When it comes to food and drink, it can feel as if the media is feeding us a continuous diet of fake news specially designed to confuse the life out of consumers.
What are the goodies and baddies? It’s a minefield.
So here we shine a light on some of the most common myths, separating fact from fiction once and for all.
10 – Low fat/Fat free: in or out?
Whatever anyone says to the contrary, there’s still a massive pressure to be thin so naturally all eyes are on fat free foods at the supermarket. Fat free means we can gorge ourselves freely and fearlessly. Or does it?
To add taste and have us rushing back for more, food manufacturers compensate for the lower fat content by adding refined sugar and salt. Is this made loud and clear? No. Fat free is a marketing strategy…the ‘f f’ words written in bold, the nasties in tiny print on the food label.
Better to eat smaller quantities of full fat than second (or third) helpings of fat free food.
9 – Avocadoes: calorie bombs or health saviours?
Simple calorie counting is so last century. Things have moved on. Yes avocadoes score quite heavily in calories (160 per 100 grams) and fat content but this is outweighed by their awesome health enhancing properties. As well as being vitamin and mineral dense, avocadoes contain ‘good’ monounsaturated fat which reduces the risk of heart disease. Their high protein and fibre content make us feel full for longer, reducing the risk of stuffing ourselves with unhealthy, fattening snacks.
8 – Red wine: healthy or not?
Tastes good=unhealthy. That simple equation just about sums it up doesn’t it? Well, for years, red wine actually did appear to buck the trend. Countless studies demonstrated a daily glass of vin rouge with its antioxidants and healthy heart potential was good for us.
Well, you’re not going to like this; a 2016 statement by the UK’s Chief Medical Officer poured cold water on one of our favourite tipples claiming there’s no evidence for its health benefits and anyway these are far outweighed by the negative effects of excessive drinking.
Who do you believe? Take your pick. Personally, I’ll take the risk and stick with moderate consumption.
7 – Eating Vitamin C rich foods prevents colds: yes or no?
Generations of parents have spouted this, probably to encourage children to eat oranges but sadly another sacred cow is consigned to the myth bin. The common cold is the most widespread infectious disease in US and other countries but there’s no evidence that eating crates of oranges will keep us cold free.
Surprisingly, Vitamin D, not C is actually more effective in this department. Get it from the sun or supplements. Plus fortifying the immune system with a well balanced diet containing a low or zero intake of sugars and processed foods is a great way to maintain overall health, including cold prevention.
6 – Frozen vegetables: good or bad?
In an ideal world, we’d all be popping to farmers’ markets for vegetables plucked that morning from Mother Earth. Sadly, work and other demands get in the way, so we stock our freezers with frozen peas and beans.
No need for guilt trips! Frozen veg is actually more nutritious than greens which have been flown half way across the world. Vegetables are frozen within minutes of being picked and therefore retain much of their yummy taste and nutritional value.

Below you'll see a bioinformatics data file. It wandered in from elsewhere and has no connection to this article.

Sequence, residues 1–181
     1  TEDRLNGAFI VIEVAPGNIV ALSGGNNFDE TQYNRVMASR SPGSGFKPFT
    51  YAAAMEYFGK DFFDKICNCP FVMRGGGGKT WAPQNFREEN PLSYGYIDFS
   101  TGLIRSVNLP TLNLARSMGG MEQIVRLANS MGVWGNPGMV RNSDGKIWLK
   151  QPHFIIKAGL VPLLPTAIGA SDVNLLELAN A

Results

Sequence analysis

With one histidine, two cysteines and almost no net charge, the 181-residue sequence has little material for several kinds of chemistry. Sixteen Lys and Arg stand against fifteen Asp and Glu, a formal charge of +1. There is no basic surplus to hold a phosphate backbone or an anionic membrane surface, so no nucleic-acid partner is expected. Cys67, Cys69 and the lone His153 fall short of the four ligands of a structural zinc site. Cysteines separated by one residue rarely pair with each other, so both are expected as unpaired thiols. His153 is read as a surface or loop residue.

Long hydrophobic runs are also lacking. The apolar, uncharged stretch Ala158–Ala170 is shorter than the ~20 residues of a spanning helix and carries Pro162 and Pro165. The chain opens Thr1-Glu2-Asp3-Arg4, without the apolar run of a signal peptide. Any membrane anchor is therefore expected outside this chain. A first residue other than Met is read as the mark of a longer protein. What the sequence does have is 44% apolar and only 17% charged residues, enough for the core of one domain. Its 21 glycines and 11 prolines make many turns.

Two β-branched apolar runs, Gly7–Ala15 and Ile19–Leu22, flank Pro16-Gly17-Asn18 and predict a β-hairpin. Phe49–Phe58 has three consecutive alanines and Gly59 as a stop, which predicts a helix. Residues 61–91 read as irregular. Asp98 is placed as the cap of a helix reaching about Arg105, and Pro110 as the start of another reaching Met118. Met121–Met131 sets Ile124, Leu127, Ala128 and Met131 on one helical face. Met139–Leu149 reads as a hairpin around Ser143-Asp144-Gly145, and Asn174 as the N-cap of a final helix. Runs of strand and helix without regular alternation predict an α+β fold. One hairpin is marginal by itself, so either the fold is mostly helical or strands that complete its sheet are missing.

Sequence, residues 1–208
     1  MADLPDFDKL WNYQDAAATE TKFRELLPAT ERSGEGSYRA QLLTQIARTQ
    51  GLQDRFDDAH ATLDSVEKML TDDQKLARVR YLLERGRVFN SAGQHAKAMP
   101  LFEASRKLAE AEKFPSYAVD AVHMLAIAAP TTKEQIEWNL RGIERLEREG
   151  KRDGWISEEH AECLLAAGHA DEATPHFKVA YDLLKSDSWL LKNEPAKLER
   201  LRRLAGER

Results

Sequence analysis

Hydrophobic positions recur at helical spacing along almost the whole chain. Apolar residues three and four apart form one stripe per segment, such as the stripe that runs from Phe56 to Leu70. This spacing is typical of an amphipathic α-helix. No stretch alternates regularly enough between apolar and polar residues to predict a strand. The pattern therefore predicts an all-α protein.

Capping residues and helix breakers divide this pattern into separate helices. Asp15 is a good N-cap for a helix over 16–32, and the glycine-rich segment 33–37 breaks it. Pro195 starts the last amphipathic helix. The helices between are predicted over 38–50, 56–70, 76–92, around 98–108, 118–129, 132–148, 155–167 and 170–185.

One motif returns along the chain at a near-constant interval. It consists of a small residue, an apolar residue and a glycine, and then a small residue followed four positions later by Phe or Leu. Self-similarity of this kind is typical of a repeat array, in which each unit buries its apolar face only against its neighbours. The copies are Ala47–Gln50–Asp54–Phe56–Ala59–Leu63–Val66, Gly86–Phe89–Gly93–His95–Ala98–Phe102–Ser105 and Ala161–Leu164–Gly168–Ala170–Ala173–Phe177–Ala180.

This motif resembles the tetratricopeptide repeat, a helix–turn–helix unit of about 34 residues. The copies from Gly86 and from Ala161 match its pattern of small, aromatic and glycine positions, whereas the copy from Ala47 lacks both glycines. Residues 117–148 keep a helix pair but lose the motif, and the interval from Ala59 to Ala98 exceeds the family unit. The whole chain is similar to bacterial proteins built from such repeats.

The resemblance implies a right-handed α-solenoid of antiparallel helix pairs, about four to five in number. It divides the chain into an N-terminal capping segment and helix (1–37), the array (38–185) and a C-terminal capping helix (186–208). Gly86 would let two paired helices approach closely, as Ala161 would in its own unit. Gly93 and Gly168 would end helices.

5 – The world’s healthiest diet?
Guess what: a research project, published in the Lancet which studied the diets of almost 4.5 billion adults across 187 countries between 1990 and 2010 concluded it’s not the olive oil Mediterranean or the Japanese seaweed rich diets which are the healthiest! We’re all too familiar with famine stories from Africa but in fact the 3 highest scoring countries were Chad, Sierre Leone and Mali because they eat the most seeds, fruit, vegetables and wholegrains and the least junk food.
4 – Bottled water v tap water
Somewhere along the line, we started believing the best water comes, not out of a kitchen tap but in a bottle – what a super successful marketing strategy! The word from the experts, however is fairly unanimous…tap water is actually better for us. The stringent tests carried out on domestic water supplies mean it’s about as safe as mama’s breastmilk. And what about the obscene amount of plastic jamming up landfill…let’s not even go there! So, back to basics…drink tap water, save money and the planet.
3 – Coffee. Good or bad?
Like so many other goodies, coffee has had a bad press recently but all those coffee shops can’t be wrong surely?
Well, there are pros and cons to lattes and americanos. On the plus side, coffee contains antioxidants, minerals, and vitamins and makes us less susceptible to type 2 diabetes, liver disease, dementia and depression. As we all know on a groggy morning, it increases alertness and energy levels.
But, it can disrupt sleep, increase anxiety and is addictive, so withdrawal can drive us a little crazy.
2 – Fruit: could it really be unhealthy?
The latest food commandment to come under scrutiny is…unbelievably…fruit because of its high sugar content. Expert advice: if you stick with whole fruit rather than juice, you can’t go far wrong because fruit contains fructose not the yukky glucose contained in added refined
1 – The 5 second rule
Who invented this? Probably, someone who, like me, is clumsy and regularly drops food on the floor. Scoop it up fast and it’ll be fine, we reassure ourselves.
Well, sorry to say, even in a heartbeat, food picks up bacteria especially from wood or tiled floors. Keep food above ground level or practice your catching technique to maintain maximum hygiene standards.
So, there you have it; with the food and drink facts at your fingertips, you can make informed choices about what’s hot and what’s not in this baffling fake news filled world.